After the Continuation War the Finnish Civil Guards were disbanded in 1944 as demanded by the Soviet Union though the military district system as the basis for mobilisation was retained, now fully as an army structure. In the Winter War the White Guard was responsible for carrying out mobilisation, a quarter of the manpower of the field army consisting of Guard members which proved important, as these were the best trained and equipped personnel in an army which lacked a lot of basic supplies in 1939.
Focus on the M24
Finland found itself with almost 200,000 M91 Mosin-Nagant rifles in its possession after breaking away from Russian rule in 1917. In addition it bought around 100,000 more M91s primarily from Central Powers countries like Germany, Austria-Hungary and Bulgaria who’d captured them in World War One, those rifles forming the basis of Finnish infantry arms until the adoption of a self-loading rifle many decades later.
Initially Russian rifles were simply refurbished but the Army and Civil Guard quickly found the Model 1891 pattern wanting and began developing improvements. The two organisations managed their arm production independently until ultimately the Army and Civil Guard came together to design the apogee of Mosin-Nagant evolution, the M39, but that’s another story.
One of the earliest Finnish arsenal rebuilding programs was undertaken by the Finnish Civil Guard (Suojeluskunta) to refurbish worn-out Russian M91 rifles into the M24 as most M91s had been in continuous use for about 30 years at that stage. The Suojeluskunta sought bids from companies in Switzerland and Germany to produce replacement barrels, the initial contract awarded in 1923 to Swiss firm Schweizerische Industrie-Gesellschaft (SIG) in Neuhausen am Rheinfall.
The Civil Guard-SIG relationship persisted into the future as SIG supplied the first batch of barrels for the M28 which replaced the M24. Another contract to a German arms consortium made up of Venus Waffenfabrik and Romerwerke was awarded in 1924, SIG barrels marked ‘Schweiz-Industrie Gesellschaft Neuhausen’ on the right of the chamber just above the stock with German barrels bearing ‘Böhler-Stahl’ on the underside of the chamber, after the steel manufacturer-barrel blank maker.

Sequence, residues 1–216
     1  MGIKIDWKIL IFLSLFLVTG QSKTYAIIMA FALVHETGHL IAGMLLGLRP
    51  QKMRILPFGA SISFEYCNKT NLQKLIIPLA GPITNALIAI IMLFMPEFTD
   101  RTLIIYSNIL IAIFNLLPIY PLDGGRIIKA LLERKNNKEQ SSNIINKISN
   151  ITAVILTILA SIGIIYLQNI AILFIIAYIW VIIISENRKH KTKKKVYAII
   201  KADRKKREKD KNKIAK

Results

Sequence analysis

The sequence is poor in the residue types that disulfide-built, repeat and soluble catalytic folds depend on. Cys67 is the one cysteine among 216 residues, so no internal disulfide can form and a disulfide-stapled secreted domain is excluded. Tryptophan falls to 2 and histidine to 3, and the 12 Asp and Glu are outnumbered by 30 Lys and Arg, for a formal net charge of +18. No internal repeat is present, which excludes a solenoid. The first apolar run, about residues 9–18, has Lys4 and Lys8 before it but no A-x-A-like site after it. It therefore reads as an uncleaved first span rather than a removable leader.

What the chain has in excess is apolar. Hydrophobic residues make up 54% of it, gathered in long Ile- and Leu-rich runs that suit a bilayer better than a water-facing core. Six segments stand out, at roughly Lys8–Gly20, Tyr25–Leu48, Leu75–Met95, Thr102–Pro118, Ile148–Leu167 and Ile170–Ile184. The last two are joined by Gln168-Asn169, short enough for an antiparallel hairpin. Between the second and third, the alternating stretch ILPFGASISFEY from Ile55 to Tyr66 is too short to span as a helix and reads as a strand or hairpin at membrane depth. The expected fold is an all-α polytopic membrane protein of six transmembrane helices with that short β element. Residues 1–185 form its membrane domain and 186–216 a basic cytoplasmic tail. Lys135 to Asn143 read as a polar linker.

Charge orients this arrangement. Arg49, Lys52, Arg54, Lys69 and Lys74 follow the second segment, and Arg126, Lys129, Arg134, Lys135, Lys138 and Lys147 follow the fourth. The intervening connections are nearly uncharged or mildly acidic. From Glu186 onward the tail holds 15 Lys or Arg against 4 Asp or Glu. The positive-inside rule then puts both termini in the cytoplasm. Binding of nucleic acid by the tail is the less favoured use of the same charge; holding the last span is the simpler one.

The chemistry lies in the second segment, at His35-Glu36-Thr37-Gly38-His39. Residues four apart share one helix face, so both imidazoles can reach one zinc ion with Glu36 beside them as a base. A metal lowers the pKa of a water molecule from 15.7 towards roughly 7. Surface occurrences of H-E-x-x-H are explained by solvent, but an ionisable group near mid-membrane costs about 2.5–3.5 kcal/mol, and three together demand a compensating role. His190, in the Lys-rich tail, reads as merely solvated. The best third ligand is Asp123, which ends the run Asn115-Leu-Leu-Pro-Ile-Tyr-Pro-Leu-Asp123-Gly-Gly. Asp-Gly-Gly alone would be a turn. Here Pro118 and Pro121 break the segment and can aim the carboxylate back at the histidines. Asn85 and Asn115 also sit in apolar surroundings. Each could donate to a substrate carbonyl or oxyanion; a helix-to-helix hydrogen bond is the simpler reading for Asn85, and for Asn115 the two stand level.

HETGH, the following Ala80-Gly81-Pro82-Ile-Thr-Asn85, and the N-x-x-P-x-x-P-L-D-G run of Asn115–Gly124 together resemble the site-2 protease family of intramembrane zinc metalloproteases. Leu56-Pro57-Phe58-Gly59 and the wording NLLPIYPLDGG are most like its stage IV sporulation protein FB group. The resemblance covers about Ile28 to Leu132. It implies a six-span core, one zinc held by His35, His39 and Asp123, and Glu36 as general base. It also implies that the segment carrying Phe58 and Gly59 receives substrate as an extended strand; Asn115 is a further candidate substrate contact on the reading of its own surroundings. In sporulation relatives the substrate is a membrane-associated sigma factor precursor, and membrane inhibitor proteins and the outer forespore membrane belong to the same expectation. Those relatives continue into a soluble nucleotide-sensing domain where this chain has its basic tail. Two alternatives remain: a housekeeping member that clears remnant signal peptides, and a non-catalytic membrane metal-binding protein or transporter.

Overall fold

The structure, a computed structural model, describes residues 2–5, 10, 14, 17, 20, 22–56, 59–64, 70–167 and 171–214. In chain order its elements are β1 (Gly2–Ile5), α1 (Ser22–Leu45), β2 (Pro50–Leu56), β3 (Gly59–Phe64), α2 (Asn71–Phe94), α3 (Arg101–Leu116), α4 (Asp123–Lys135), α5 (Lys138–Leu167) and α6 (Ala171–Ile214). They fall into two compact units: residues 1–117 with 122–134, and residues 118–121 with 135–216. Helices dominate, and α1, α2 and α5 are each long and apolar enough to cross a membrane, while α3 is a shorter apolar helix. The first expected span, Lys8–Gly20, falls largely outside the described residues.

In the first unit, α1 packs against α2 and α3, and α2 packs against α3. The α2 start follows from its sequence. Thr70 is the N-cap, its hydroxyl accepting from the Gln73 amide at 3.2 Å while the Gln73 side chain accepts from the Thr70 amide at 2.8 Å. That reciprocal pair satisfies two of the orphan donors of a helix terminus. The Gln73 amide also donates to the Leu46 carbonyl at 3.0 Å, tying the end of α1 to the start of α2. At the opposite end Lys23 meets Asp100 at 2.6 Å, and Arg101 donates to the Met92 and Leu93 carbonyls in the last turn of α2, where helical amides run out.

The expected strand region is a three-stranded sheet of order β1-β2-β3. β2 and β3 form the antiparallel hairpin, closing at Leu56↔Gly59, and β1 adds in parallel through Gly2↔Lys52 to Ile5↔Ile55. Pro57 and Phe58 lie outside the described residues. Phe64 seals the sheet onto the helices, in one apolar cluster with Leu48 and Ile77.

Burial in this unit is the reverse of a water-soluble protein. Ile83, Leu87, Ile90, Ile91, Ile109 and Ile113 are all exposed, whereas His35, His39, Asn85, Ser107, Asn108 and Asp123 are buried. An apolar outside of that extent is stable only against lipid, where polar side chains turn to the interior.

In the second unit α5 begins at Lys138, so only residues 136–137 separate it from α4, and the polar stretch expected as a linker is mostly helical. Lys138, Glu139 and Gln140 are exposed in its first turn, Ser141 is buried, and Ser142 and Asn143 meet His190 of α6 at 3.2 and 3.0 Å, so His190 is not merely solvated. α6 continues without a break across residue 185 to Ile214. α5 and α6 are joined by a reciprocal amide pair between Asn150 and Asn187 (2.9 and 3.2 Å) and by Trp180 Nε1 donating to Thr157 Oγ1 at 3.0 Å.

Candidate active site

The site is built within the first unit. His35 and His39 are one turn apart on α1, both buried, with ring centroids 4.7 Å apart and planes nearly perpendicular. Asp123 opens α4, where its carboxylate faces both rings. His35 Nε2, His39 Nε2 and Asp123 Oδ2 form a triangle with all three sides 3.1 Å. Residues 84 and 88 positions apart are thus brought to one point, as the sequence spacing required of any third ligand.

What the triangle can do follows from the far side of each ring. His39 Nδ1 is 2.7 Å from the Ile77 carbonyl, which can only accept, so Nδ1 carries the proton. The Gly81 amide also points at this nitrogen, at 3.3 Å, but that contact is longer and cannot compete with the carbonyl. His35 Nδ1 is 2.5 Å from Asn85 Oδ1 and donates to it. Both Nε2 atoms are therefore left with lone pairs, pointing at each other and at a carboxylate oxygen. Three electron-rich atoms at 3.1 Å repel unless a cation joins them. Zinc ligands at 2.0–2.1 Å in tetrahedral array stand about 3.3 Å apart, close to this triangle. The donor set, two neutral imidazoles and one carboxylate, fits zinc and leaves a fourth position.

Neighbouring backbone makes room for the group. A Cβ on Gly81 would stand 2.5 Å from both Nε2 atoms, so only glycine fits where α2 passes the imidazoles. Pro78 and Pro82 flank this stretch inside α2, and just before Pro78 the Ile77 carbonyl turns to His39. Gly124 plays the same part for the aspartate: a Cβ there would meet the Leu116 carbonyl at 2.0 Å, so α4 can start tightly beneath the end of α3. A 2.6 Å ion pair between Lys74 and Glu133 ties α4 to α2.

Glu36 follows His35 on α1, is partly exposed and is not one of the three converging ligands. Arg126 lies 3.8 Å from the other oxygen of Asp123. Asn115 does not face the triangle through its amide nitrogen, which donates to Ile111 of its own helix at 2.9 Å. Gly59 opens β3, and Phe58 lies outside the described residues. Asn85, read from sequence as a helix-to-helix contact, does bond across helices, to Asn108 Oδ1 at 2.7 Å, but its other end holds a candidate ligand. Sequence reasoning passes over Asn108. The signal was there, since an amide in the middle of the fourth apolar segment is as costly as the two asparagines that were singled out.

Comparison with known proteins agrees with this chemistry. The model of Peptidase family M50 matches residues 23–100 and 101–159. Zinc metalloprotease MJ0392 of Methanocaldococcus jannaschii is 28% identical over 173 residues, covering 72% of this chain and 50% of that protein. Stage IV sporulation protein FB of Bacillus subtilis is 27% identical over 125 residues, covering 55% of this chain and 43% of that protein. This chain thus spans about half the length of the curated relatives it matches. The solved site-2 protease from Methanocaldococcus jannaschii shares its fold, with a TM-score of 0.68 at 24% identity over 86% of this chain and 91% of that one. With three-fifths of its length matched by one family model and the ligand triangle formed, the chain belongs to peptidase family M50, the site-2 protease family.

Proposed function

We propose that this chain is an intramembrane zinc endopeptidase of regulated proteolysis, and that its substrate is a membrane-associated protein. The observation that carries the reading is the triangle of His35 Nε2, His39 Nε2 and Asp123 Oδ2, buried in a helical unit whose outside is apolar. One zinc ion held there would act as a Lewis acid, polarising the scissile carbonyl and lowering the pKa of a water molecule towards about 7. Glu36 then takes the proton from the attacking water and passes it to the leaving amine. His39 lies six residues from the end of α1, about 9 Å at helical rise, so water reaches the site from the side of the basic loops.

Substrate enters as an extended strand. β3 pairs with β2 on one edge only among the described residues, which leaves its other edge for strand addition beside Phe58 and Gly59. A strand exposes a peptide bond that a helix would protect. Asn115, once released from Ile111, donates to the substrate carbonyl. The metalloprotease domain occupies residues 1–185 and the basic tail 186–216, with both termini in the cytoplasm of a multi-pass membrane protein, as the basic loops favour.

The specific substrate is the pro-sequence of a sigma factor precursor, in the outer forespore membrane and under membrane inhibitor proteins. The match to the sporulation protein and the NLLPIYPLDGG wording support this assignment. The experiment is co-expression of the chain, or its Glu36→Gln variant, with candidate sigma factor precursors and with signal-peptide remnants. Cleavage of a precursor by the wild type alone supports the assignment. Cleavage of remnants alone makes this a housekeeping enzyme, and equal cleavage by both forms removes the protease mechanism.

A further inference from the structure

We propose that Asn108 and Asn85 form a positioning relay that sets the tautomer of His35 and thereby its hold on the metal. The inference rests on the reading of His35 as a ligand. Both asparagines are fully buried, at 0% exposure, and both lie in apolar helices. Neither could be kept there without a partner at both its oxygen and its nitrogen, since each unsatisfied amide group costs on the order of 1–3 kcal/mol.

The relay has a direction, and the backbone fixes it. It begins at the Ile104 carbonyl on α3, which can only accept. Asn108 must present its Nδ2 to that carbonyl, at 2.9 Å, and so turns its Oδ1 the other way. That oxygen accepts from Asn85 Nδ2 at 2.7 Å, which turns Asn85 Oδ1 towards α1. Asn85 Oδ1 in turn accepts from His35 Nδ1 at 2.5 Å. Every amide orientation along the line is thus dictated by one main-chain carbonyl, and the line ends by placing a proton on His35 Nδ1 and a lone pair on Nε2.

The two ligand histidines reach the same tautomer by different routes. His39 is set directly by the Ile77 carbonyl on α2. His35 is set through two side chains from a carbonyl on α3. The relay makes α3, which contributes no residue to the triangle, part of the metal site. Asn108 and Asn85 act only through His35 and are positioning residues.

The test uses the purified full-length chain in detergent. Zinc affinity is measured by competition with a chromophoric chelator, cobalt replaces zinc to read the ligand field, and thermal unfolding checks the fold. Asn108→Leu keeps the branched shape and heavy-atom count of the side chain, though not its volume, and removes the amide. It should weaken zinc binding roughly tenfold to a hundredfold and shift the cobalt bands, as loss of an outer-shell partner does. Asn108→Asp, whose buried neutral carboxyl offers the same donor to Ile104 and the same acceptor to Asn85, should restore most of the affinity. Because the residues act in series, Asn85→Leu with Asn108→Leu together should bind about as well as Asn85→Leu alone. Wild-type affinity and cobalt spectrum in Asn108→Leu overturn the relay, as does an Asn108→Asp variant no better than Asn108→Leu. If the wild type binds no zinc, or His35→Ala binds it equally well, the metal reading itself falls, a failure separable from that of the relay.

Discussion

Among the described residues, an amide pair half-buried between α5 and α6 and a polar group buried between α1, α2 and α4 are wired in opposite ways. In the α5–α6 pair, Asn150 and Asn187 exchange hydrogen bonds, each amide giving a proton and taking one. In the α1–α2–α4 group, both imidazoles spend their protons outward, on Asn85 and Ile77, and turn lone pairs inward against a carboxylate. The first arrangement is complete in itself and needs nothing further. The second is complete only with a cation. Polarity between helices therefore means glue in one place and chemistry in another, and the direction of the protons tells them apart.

The first order of 3000 Swiss SIG barrels were dimensionally identical to those on the M91 with the remaining SIG barrels and German-made barrels being heavier. The diameter of the barrel was increased by about 1mm to improve accuracy and these were produced with a ‘stepped barrel’ near the muzzle to accommodate the standard Russian Imperial bayonet. The M24 barrels are undated and have the Finnish Civil Guard crest (an S topped with three fir sprigs in a shield) on top of the chamber.
The rifles were fitted with two-piece spliced stocks less prone to warping in cold temperatures while changes were made to deepen the barrel channel in the forestock, a deeper handguard inlet and improved trigger with a coil spring added to take up trigger slack and improve trigger pull, these changes introduced in mid-1925. Many rifles were also fitted with a cross bolt through the forestock just behind the nose cap to retain the front barrel band so the barrel band could be left loose, thereby eliminating a pressure point and increasing accuracy.
Eventually the Finns did away with this modification in favour of using small wood screws to secure the loosened barrel bands. The Konovalov stepped rear sight was retained but renumbered from arshins to meters while the front sight was replaced with an improved notched one for better visibility in lowlight conditions. The Finns didn’t make any receivers or bolts, opting instead to recycle those of their existing stock of M91s.
Assembly of the M24 was at Suojeluskuntain Ase-ja Konepaja Osakeyhtiö, the Finnish Civil Guard workshop that would eventually become better known as SAKO, funds for the refurbishment of the M24s raised by the Civil Guard women’s auxiliary known as the Lotta Svärd, the M24 later nicknamed ‘Lottakivääri’ or ‘Lotta’s rifle’ by troops who carried it into battle in at least three wars.
Production ceased in 1928 but the M24 remained in service until the Guard was disbanded in October 1944 as part of the Armistice conditions with the Soviet Union, Civil Guard guns then turned over to the regular army with most marked SA (Suomen Armeija – Finnish Army). Due to the low number of M24s made and high loss and attrition rates during the Winter War, Continuation War and Lapland War, the M24 is highly sought-after by collectors, production running from 1924-1928 with an estimated 26,000-27,000 rifles made.
One example has a German-made barrel which has been stepped down. On the side of the receiver is the Civil Guard district number (S73678 which corresponds to Suur-Saimaa) to which it was issued but has been crossed out and the rifle reissued to another Civil Guard district with the number 73452 (which corresponds to Lahti). This has also been subsequently crossed out, presumably after the Guard was disbanded.